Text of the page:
Sisyphus in the catacombs

Even die-hard PASOK supporters and the most utopian champions of plans to “rebuild the center-left” under Socialist chief Evangelos Venizelos (or, perhaps, former PM Costas Simitis?) must have felt let down seeing the front row of seats at the inaugural convention of the Olive Tree alliance as well as the list of parties supporting the initiative.

So, in the front row you could see well-known figures sitting next to completely unknown figures. It was a forced coexistence. What they all shared was a sense of disappointment which their forced smiles – directed at television audiences – failed to disguise: Simitis and Andreas Loverdos, who left PASOK to flirt with the ideal of political independence and then with Democratic Left (DIMAR), only to eventually add his own personal failure to the Olive Tree list. Ilias Mosialos, himself now also a party leader and thus on an equal footing with Venizelos and Simitis, was there too as the head of a self-proclaimed “dynamic” movement. And, finally, the representatives of other “movements” or “groupings” whose influence is next to zero.

George Papandreou, on the other hand, did not turn up. It was not because the ex-PM and Venizelos’s predecessor at PASOK was away lecturing at some foreign institution; it was rather because he deems that the green Olive Tree threatens to block the green sun of PASOK, to which he thinks he has a hereditary claim. Also absent were Papandreou’s political cronies who received an order to dig in their heels. Theodoros Pangalos was not invited, an exclusion that seems to have prompted a thinly disguised curse. Another absentee was Michalis Chrysochoidis, who thereby got some time to read Greece’s memorandum which should explain his anti-systemic comments of late. Finally the officials who chose to rebuild the center-left under the DIMAR umbrella were also nowhere to be seen.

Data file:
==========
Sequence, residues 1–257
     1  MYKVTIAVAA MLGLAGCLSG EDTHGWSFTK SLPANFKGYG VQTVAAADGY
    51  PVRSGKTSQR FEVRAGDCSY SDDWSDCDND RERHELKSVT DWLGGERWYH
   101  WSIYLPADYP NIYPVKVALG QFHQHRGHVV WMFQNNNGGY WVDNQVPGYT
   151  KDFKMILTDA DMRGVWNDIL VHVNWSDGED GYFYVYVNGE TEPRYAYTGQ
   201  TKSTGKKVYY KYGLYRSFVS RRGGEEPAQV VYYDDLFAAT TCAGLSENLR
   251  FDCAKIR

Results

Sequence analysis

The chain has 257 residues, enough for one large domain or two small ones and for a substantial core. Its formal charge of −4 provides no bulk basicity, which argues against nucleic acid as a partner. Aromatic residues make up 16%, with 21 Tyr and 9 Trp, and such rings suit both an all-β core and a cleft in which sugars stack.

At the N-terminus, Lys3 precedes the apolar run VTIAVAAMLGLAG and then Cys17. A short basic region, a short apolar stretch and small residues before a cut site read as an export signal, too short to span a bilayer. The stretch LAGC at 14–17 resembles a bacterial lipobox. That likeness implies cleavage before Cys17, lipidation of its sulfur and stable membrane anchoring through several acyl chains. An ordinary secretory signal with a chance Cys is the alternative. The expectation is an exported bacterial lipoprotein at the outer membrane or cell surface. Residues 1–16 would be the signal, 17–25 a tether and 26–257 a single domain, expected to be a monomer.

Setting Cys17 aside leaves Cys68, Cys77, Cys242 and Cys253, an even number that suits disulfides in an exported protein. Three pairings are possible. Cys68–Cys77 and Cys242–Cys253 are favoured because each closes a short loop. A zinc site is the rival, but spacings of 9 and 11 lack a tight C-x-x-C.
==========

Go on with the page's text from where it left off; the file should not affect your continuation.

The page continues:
On the panel behind the podium, one could see the Olive Tree logo and the list of participants: PASOK, Pact for a New Greece, Dynamic Greece, New Reformists, State 2012 (Politeia 2012), B Initiative (Protovoulia B). Very few people would notice if any of these were absent. Do they have anything to offer at all? Using what powers, what fresh faces, what new ideas?

Perhaps that’s why a disappointed Venizelos resorted to the rhetoric of hyperbole and self-admiration, drawing material from mythology and religion. He spoke of “the patience of Job,” in reference to himself, he praised PASOK’s Sisyphean effort (although Sisyphean does not mean successful), and commended “PASOK of the catacombs,” as he put it.

Having said all that, he naturally believes he has taken on “the challenge of history.” The point is few people out there seem to think the same way.